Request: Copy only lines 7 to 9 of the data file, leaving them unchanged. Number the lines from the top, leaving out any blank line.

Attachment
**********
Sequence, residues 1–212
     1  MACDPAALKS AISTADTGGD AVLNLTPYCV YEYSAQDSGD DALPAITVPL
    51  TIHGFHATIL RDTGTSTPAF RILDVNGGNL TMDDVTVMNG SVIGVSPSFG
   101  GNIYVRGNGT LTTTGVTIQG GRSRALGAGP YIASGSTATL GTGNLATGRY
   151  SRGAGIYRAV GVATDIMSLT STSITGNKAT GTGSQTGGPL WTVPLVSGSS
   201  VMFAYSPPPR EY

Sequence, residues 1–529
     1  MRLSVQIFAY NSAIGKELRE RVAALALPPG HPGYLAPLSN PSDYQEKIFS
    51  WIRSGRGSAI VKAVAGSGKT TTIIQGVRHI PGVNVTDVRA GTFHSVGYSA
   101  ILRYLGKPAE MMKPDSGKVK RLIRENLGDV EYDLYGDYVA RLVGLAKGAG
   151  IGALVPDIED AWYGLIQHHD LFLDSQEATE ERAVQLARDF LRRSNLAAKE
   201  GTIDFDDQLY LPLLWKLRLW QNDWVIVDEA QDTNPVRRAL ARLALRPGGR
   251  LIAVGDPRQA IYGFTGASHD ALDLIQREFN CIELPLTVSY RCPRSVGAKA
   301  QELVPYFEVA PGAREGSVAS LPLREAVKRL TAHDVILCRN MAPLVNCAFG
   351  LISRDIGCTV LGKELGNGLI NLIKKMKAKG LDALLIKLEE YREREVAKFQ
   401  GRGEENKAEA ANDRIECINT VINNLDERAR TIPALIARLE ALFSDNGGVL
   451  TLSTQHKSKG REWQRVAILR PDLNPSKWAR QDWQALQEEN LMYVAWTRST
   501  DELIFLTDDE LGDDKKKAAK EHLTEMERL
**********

Sequence, residues 1–529
     1  MRLSVQIFAY NSAIGKELRE RVAALALPPG HPGYLAPLSN PSDYQEKIFS
    51  WIRSGRGSAI VKAVAGSGKT TTIIQGVRHI PGVNVTDVRA GTFHSVGYSA